Wednesday, October 14, 2020



by Hunter Jon

With due respect to all others, I consider there to be six major slasher franchises that lead the way. Each features a killer so iconic that even those who haven’t seen a single installment would probably recognize them. Perhaps even be able to name them. They’re the A-Team of the genre. And although their first outings are often considered their best, that’s not always the case when it comes to my personal preferences.

So here are my favourite installments in each franchise that stars one of the big six baddies. I’ve rated each out of four stars.


Beyond its great set-up, I’m not really a fan of 1. I think even less of 2. But this works for me in every way possible. Bringing Nancy back as a psychiatrist totally works. The setting, premise and eventual execution all work. And letting Freddy have some fun certainly works. They bite off a ton here, stylistically and narratively, yet never choke - unlike everything after this, which fell over and died if you ask me. The special effects are still impressive as hell and the authentic examination of an ensemble of mentally ill teenagers only gets more meaningful with age. Watching those who survive transform into ‘warriors’ is moving and empowering. Plus, the soundtrack, both score and title track, rock. It’s everything I could ask for in a “Nightmare”.

SCREAM (1996) **1/2

You have to remember, this wasn’t a case of tongue-in-cheek, it was tongue-through-cheek. That had never actually been done before. And it was done just well enough. Certainly memorably enough. So when you hit the ground with something that fresh, it stands to reason anything that follows is gonna come up stale. And that’s exactly what the sequels are to me - incredibly so. (For the record, I find 4 most tolerable) They also painted themselves into one too many corners by sticking with the whole who-is-the-killer climax, which is destined to do nothing but disappoint. Who knows what the future has in store, but as of writing this, 1 easily wins in my book.


The first is what it is: a great set piece with a memorable twist ending followed by a killer jump scare. Using those as a jumping off point, we got four more. Other than the evolution of Jason himself, I find these have very little to offer that we didn’t get the first time around. Then, suddenly, one with an actual personality comes along and makes it all worthwhile. And I’m not just talking about the fact that it’s humorously irreverent and self-aware. I’m talking about liking and therefore caring about the victims for once. I’m talking about a surprisingly investing romance. I’m talking about kids actually being at Crystal Lake for the first time. I’m talking about actual tension. Yes, there are plenty of gags, but take a step back and you’ll see that the bigger picture wisely takes its mythology seriously and does its best to honour it. It’s fan-service heavy before the term even existed. I think most of this is thanks to director Tom McLoughlin, who also holds sole writing credit here. He really had a clean vision for this and it shows. For once there was only one cook in the kitchen and he knew exactly what to serve up.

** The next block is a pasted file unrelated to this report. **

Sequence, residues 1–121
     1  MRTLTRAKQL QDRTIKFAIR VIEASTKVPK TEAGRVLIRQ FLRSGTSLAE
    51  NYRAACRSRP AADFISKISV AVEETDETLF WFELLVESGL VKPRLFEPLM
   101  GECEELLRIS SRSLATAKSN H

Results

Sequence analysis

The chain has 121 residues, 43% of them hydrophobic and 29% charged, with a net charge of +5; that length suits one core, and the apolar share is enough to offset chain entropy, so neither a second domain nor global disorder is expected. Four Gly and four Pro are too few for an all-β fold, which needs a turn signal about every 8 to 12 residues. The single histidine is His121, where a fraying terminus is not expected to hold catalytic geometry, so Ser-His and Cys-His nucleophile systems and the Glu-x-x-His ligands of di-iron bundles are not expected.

HALLOWEEN (1978) ***1/2

Initially, this was merely about doing “Black Christmas” over again on a different holiday. Except they did so with the skill of Hitchcock, causing an unprecedented success. But sometimes simplicity reigns supreme. Often, in fact. And that success led to a kind of slasher soap opera that got super dense, which, while kinda fun to follow and figure out, mostly bogs things way down. Here, though, you’ve got something sublime and so much of that has to do with how simple it all is. Masterfully crafted, yes - every frame. But still so simple. Which is all encompassed in The Shape himself, from mask to manner. I don’t have to go into any more detail about why it’s the series highlight - you already know why. I will, however, thank Debra Hill. Thanks, Debra.

CHILD’S PLAY (1988) ***

CHILD’S PLAY 2 (1990) ***

It’s a TIE, folks. Very different movies, yet I enjoy both equally. Perhaps that’s why, actually - because of the differences in tone and plot. The second isn’t trying to succeed where the first did and that’s why it succeeds. The only thing that carries over are characters and quality, causing an irresistible consistency. And first you get Catherine Hicks as the most kick-ass mom ever, then you’re treated to Christine Elise as the most kick-ass foster sister ever. I can’t watch 1 without watching 2. Maybe that says it all right there. Anyone else would have just given the doll to another kid, but Mancini knew exactly where to take things and, evidently, still does. Alex and Chucky’s relationship will always be the core and heart of this series. Don knows that and used it to thread the needle so well between these two that they nearly work best as one - one that hasn’t been matched. Although “Bride” and “Curse” come close, in my opinion.